Help us create a biggest collection of medieval chronicles and manuscripts on line.
#   A   B   C   D   E   F   G   H   I   J   K   L   M   N   O   P   Q   R   S   T   U   V   W   X   Y   Z 
Medieval chronicles, historical sources, history of middle ages, texts and studies

FRANCIS LANCELOTT, ESQ. Queens of England. Vol.1.


Sir John Froissart's Chronicles of England, France, Spain and the Ajoining Countries from the latter part of the reign of Edward II to the coronation of Henry IV in 12 volumes 

Chronicles of Enguerrand De Monstrelet (Sir John Froissart's Chronicles continuation) in 13 volumes 

  Previousall pages


Queens of England. Vol.1.
page 70

the tottering kingdom of Jerusalem. Louis viewed the appeal of the eloquent prelate as the call of Heaven, and resolved to atone for the terrible destruction of his own subjects, by carrying the sword of vengeance into the camp of the pagans in the east. ΛΌ less penitent than her royal lord, Eleanora, despite all entreaties to the contrary, insisted, for the behoof of her own sovereignty of Aquitaine, to accompany him in his mad expedition. And on it becoming known that the King and his consort had solemnly received the cross of the crusading pilgrim from the well-intentioned but misguided St. Bernard, there hurst forth throughout the land a universal cry of " Crosses ! crosses !" The venerable prelate speedily distributed all he had provided for the occasion. But these proved quite insufficient. Still the people cried aloud " Crosses ! crosses!" and in the hot enthusiasm of the moment, costly garments were, regardless of their value, torn up to be formed into the desired badges of holiness and honour. The amazonian example of the Queen was eagerly followed by the noblest ladies of the land, and soon a bevy of female warriors, armed to the teeth, and who, arrayed in masculine attire, boldly styled thems Ives the Queen's body guard, excited the wonderment of the rude multitude by their womanly attempts at military evolutions, 1- ollowing the course of Conrad the Third of Germany, who, roused by the allpowerful eloquence of St. Bernard, had just set forth with a mighty army. Louis and his heterogeneous band proceeded on their way to the Holy City, but, as may be supposed, the French King's plans were defeated, and his projects utterly ruined by the giddy womanly freaks of his fair amazonians. On Hearing .Laodicea, Eleanora and her female guards were, with a small, but chosen band of soldiers, sent forward with strict injunctions from the king to camp on the uplands, at the valley of Laodicea, so as to command the dangerous defile through which the army had to pass. They proceeded as directed for a short distance, when, lured by the romantic charms of a beautiful valley, Eleanora, in utter disregard to the orders of her royal lord, insisted on proceeding thither ; where, little dreaming what bloodshed her folly would cost, she encamped for the night amidst rippling streams, enchanting groves, and green velvety slopes. Meanwhile the King and hia army, aa they bravely battled with the skirmishing Arabs, hurried onward. Harassed by foes, encumbered by the heavy baggage off the female warriors, and wearied by the fatigue of a long march under a burning sun, they, just as darkness was closing in, entered the fatal defile, when, to their horror, they discovered that the heights above were possessed not by the Queen's army, but by a numerous band of hostile Arabs, and, to add to the consternation, the giddy Eleanora and her guards could not be found till the next morning, when the sun dawned on the lifeless forms of seven thousand of the chivalry of France, whilst all the baggage and provisions had been captured by the wily foe, and the King himself had only by great personal valour escaped with bis life, so hard had he been pursued. Fortunately the encampment of the Queen had escaped the notice of the murderous Arabs, and Antioch being at hand, the dispirited army was, after a few hours' march, safely quartered within the walls of that friendly town, What the feelings of Eleanora were on this occasion no chronicler has recorded, but if the slaughter occasioned by her indiscretion caused her any heartprickings, they certainly were of short duration, as, on entering Antioch in safety, she buried in oblivious forgetfulness the remembrance of the dangers and toils she had but just miraculously passed through, and gave herself up to the full enjoyment of all the pleasures and luxuries of the gorgeous east. The Prince of Antioch, Raymond of Poitou, was her uncle, and, unlike his sainted brother William, he was sprightly, handsome, and still in the bloom of vigorous manhood. To his French allies he paid great attention, providing them with every comfort and luxury within his power, and, by heaping favours and obligations on his fair niece Eleanora, he endeavoured to so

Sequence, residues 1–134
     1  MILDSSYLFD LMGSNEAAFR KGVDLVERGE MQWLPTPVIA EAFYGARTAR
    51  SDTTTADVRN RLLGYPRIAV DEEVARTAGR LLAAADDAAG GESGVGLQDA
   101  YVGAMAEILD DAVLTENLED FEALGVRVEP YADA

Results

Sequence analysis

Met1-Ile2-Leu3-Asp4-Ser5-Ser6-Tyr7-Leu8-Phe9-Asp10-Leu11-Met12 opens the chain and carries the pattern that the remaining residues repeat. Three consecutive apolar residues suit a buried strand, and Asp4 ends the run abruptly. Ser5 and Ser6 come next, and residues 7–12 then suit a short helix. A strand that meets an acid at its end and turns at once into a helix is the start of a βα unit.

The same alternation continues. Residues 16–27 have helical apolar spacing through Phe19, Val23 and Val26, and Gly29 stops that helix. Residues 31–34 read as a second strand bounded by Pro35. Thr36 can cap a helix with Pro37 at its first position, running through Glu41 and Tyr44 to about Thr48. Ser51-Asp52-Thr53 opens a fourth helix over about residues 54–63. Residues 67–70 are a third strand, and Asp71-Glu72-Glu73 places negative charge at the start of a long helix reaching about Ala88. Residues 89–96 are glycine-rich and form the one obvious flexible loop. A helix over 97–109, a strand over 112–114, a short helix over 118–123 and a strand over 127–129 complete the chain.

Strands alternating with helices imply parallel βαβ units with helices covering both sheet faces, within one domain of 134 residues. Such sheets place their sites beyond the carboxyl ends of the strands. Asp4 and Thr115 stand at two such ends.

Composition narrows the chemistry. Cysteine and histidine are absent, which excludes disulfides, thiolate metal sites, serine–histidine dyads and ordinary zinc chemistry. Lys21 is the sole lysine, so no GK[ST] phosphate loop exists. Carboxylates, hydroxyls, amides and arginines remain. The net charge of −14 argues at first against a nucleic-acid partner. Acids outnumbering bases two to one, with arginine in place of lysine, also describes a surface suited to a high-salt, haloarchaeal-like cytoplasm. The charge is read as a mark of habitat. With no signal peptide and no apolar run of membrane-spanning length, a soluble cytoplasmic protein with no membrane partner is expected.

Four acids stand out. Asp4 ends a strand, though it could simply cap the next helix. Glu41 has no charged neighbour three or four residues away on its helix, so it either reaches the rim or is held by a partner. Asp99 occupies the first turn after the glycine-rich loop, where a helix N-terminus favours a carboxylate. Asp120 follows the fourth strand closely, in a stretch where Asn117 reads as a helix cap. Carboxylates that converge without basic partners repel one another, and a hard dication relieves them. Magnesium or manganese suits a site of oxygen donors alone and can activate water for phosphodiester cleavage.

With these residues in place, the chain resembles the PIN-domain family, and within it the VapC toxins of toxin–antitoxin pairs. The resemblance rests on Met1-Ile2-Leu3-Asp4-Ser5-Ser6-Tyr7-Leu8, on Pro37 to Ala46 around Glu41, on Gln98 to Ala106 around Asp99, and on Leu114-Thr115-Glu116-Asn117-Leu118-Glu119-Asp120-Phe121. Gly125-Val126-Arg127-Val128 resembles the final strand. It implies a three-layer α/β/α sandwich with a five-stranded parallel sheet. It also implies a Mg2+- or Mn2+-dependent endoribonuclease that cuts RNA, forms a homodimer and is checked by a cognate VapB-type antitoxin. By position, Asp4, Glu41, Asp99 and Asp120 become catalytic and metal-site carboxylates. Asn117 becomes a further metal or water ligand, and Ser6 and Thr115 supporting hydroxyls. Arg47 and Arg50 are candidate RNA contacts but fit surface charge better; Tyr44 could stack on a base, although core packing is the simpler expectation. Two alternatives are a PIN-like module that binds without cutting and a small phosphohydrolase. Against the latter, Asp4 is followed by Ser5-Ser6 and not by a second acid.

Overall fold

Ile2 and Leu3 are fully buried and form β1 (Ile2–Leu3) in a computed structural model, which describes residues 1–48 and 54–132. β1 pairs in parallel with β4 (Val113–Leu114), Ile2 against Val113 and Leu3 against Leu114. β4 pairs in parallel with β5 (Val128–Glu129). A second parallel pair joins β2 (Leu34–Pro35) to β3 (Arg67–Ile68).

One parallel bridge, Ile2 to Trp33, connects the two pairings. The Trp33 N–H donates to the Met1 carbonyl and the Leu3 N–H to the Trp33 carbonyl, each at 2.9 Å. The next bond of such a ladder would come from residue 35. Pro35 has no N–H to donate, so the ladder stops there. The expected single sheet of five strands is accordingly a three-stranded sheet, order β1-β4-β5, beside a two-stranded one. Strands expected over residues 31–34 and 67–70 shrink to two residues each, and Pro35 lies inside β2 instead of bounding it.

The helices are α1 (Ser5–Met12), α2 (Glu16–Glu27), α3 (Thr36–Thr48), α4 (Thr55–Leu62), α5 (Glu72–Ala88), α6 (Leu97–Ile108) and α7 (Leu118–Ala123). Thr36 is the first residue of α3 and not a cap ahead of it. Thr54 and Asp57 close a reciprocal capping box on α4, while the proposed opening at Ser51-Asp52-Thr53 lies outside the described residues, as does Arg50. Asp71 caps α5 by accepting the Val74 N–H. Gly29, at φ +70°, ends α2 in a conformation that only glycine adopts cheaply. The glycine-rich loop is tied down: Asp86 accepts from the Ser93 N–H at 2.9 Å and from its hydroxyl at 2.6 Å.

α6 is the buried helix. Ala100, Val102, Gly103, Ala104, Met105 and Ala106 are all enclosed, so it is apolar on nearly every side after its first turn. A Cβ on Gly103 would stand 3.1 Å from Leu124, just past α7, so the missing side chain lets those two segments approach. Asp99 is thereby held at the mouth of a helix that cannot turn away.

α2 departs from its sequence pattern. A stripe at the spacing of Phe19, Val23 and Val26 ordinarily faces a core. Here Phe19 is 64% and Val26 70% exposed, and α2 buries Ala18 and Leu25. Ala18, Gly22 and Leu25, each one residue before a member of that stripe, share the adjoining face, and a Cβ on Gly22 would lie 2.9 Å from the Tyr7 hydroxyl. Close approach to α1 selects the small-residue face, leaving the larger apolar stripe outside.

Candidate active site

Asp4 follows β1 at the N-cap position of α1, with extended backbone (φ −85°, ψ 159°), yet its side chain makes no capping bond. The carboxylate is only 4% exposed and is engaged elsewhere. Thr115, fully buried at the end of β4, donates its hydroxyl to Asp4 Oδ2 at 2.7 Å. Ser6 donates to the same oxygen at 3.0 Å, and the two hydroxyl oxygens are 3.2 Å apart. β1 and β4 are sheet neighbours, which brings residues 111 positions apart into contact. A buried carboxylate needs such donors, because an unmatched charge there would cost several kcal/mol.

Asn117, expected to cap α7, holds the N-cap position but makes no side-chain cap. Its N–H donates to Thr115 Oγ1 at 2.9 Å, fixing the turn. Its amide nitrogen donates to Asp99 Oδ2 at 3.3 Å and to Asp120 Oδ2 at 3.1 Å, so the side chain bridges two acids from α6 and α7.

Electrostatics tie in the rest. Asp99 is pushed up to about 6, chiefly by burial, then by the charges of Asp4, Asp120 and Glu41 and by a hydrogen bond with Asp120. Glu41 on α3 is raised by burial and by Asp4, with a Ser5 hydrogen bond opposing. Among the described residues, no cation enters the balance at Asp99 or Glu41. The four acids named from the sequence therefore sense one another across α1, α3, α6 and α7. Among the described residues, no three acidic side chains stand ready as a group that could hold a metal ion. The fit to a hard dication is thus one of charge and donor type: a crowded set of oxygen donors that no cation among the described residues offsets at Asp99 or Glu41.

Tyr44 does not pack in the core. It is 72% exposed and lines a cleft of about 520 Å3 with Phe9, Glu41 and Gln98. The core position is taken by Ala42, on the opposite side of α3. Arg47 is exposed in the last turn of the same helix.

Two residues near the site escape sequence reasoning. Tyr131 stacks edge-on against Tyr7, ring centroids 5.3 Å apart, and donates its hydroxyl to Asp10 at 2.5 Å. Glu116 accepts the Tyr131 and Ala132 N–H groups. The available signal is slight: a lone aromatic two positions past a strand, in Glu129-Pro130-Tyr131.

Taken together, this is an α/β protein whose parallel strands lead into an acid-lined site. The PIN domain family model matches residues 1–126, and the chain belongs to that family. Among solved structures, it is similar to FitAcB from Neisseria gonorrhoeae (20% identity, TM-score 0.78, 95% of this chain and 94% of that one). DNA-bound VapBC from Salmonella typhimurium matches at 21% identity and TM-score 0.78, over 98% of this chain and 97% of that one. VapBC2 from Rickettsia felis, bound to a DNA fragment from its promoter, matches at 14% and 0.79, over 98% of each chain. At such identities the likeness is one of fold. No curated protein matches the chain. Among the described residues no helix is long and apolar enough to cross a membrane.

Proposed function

Previous First Next  

"Medievalist" is an educational project designed as a digital collection of chronicles, documents and studies related to the middle age history. All materials from this site are permitted for non commersial use unless otherwise indicated. If you reduplicate documents from here you have to indicate "Medievalist" as a source and place link to us.